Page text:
Preparing for a Classic Car Rally


If you own a classic car, you probably considered participating in a rally. These events can be loads of fun – they are an experience where you can try motoring along professionally planned routes, have access to on-hand mechanics, get luxury accommodations, exquisite food, and the company of fellow car enthusiasts. 

This guide will help you get your classic car (and you) rally-ready.

What is a Classic Car Rally?

Vintage SIATA Daina Gran Sport coupe Pinin Farina (1953) in classic car race Mille Miglia

A classic car rally is an event where enthusiasts and collectors of vintage and classic cars come together to drive a pre-set course, often combining the love of motoring with a sense of adventure, community, and history. These rallies are not just about the cars themselves, but also about the journey, the landscapes, the camaraderie among participants, and sometimes the competition.

It usually involves navigating a series of checkpoints or routes over one or more days. Unlike regular car races, speed is not always the essence; it’s more about precision, timing, and the ability to follow a specific route. It’s a test of the driver’s and co-driver’s navigation skills, as well as the car’s reliability and performance over different terrains and distances. These rallies offer a unique way to experience the capabilities of classic cars in a way that everyday driving does not, often taking drivers through scenic routes and historic locations.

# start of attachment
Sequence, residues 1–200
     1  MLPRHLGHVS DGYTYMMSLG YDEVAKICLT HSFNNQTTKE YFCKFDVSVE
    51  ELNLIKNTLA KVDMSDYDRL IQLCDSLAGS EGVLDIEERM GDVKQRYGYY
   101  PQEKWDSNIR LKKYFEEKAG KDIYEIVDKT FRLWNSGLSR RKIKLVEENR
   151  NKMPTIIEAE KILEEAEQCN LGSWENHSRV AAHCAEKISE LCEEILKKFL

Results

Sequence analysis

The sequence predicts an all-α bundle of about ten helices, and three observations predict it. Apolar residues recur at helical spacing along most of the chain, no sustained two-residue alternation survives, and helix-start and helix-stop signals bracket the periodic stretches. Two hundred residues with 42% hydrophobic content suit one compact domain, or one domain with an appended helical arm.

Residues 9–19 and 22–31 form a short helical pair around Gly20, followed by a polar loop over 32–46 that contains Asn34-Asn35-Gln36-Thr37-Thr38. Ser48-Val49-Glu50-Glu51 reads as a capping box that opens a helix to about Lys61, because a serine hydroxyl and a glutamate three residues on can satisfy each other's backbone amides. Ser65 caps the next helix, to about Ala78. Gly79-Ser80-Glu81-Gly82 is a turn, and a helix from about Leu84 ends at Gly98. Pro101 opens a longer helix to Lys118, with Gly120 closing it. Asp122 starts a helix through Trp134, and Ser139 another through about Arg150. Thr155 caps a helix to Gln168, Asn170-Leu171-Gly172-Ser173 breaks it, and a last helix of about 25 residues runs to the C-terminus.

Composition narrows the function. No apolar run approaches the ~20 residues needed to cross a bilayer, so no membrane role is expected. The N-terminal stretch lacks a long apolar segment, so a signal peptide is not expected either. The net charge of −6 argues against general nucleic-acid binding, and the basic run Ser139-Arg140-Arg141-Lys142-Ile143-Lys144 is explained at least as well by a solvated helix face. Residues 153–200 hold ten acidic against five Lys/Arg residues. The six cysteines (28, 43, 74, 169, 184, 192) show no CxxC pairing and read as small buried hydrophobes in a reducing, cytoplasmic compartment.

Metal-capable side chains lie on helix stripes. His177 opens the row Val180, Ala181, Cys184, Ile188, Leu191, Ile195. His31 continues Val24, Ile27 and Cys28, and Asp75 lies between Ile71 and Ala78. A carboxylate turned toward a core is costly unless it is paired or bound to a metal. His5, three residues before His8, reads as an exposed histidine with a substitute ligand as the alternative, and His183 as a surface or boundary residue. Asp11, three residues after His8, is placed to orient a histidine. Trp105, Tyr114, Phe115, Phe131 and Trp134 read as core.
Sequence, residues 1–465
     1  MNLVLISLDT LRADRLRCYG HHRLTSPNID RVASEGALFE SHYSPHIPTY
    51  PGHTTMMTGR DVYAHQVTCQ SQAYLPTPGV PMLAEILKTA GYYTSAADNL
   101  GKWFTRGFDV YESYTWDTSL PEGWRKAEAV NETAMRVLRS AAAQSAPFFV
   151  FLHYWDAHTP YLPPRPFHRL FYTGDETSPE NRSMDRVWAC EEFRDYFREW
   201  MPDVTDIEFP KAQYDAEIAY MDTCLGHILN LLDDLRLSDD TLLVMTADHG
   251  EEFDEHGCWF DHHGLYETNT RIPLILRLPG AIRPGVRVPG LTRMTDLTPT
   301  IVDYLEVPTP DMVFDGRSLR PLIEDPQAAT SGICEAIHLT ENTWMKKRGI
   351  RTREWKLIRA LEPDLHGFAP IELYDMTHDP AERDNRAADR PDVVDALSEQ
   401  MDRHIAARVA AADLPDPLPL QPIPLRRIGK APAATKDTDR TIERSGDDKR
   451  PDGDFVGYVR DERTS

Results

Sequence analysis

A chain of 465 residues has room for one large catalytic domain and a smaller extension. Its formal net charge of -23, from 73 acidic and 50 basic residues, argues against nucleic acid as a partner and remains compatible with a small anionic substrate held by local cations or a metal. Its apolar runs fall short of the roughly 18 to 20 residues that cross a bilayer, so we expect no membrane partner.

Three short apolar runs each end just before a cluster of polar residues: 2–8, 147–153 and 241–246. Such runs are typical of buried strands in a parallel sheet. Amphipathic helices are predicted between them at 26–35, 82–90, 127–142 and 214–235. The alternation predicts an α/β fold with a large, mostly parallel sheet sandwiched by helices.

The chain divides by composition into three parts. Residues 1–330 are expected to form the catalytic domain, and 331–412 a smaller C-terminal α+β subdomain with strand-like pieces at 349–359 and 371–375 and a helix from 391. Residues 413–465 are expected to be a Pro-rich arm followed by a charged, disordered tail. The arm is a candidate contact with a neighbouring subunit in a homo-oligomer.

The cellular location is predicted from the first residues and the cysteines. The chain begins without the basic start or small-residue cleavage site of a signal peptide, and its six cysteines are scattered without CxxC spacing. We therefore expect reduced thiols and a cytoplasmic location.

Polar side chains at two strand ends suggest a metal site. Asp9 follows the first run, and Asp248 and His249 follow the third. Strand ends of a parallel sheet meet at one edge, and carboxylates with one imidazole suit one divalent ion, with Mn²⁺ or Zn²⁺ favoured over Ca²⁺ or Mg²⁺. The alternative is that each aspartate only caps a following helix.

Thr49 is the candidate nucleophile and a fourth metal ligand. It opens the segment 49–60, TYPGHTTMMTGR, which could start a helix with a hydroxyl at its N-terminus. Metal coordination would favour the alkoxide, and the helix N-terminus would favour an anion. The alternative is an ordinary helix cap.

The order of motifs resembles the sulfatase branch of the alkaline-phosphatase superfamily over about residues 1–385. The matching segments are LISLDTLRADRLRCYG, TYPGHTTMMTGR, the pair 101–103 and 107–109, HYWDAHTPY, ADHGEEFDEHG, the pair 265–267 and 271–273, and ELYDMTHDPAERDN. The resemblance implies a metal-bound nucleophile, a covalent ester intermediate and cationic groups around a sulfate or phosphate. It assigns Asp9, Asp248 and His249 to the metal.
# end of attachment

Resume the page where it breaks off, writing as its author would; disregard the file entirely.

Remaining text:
Different Types of Rallies

1. Competitive vs. Non-Competitive Rallies

Competitive rallies often involve timed sections or stages, where precision and adherence to strict route and time guidelines are crucial. They might include regularity tests, where maintaining a constant speed is key, or time-speed-distance (TSD) rallies, which are more about accuracy in maintaining times and speeds over distances.

On the other hand, non-competitive rallies focus more on the enjoyment of driving and the experience of the journey. These rallies are more relaxed, with emphasis on sightseeing, enjoying the company of fellow enthusiasts, and appreciating the beauty of the classic cars.

2. Regional vs. International Rallies

Regional rallies are typically held within a specific area or country. These events are great for those who are starting out in the rally world or those who prefer to stay closer to home. They provide an opportunity to explore local landscapes and are often less demanding in terms of car preparation and travel logistics.